In the waning days of former Egyptian president Hosni Mubarak’s rule, he appointed an entirely new cabinet, including Zahi Hawass as the new Antiquities Minister. Only a few days after Mubarak stepped down in the face of unparalleled popular demonstrations, some of the protesters shifted their focus to Hawass himself.

Crowds of students and young archaeologists gathered in the street outside Hawass’s office at the Supreme Council of Antiquities to protest low wages and lack of jobs, accusing Hawass of corruption, close ties to ousted president Mubarak and being a publicity hog.

Faced with these public demonstrations and mounting reports of missing artifacts and continued looting at Egypt’s ancient sites (see sidebar), Hawass announced on March 3 that he would resign from his ministry position. His reasons for stepping down included not only outrage at attacks from inside the antiquities department, but more importantly his lack of personnel to protect Egypt’s antiquities from looters.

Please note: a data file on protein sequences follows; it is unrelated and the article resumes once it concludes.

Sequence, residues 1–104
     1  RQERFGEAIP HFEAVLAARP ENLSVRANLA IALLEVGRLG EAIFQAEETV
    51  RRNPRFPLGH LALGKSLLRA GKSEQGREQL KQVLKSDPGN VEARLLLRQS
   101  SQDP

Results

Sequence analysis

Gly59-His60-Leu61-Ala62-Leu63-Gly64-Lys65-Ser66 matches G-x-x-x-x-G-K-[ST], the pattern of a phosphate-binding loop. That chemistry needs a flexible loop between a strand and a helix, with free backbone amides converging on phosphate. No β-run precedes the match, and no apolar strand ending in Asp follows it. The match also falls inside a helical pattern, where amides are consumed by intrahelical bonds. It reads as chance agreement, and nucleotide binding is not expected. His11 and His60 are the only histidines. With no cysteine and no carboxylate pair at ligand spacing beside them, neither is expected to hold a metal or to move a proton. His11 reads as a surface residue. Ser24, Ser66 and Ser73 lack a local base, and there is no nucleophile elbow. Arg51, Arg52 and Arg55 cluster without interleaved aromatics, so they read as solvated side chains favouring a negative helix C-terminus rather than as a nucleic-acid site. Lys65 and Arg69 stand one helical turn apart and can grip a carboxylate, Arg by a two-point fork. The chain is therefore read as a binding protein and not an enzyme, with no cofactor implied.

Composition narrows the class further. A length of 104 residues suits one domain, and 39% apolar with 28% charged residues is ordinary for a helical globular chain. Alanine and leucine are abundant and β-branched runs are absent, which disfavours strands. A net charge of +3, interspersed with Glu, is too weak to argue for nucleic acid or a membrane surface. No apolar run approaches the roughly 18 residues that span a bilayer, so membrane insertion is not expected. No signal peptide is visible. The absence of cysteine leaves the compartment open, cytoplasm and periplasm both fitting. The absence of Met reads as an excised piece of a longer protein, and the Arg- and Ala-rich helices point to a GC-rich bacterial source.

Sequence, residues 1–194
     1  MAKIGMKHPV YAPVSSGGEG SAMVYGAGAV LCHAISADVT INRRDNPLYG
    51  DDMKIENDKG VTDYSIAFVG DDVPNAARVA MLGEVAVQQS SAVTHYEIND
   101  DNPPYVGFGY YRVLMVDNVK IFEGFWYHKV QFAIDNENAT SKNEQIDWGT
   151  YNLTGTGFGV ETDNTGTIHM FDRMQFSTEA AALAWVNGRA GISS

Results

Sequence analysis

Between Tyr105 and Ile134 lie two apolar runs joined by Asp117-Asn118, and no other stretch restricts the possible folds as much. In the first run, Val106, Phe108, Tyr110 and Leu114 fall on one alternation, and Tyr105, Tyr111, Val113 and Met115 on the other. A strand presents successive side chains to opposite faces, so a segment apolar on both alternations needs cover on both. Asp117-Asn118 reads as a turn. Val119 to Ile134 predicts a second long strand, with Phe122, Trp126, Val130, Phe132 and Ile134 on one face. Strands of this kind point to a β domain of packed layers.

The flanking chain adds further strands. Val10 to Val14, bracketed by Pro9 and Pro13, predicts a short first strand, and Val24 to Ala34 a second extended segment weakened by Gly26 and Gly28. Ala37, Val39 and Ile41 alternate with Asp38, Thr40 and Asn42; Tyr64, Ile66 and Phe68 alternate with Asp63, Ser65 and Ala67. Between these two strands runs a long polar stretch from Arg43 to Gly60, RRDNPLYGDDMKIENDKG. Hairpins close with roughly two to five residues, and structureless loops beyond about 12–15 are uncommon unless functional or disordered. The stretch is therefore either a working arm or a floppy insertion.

His absence “left a vacuum” according to some, leaving many to wonder who, if anyone, was in control of the antiquities situation in Egypt.

Hawass still had support in the government and archaeological community, however. On March 30 Hawass was reappointed minister of antiquities by Prime Minister Essam Sharaf.—D.D.R.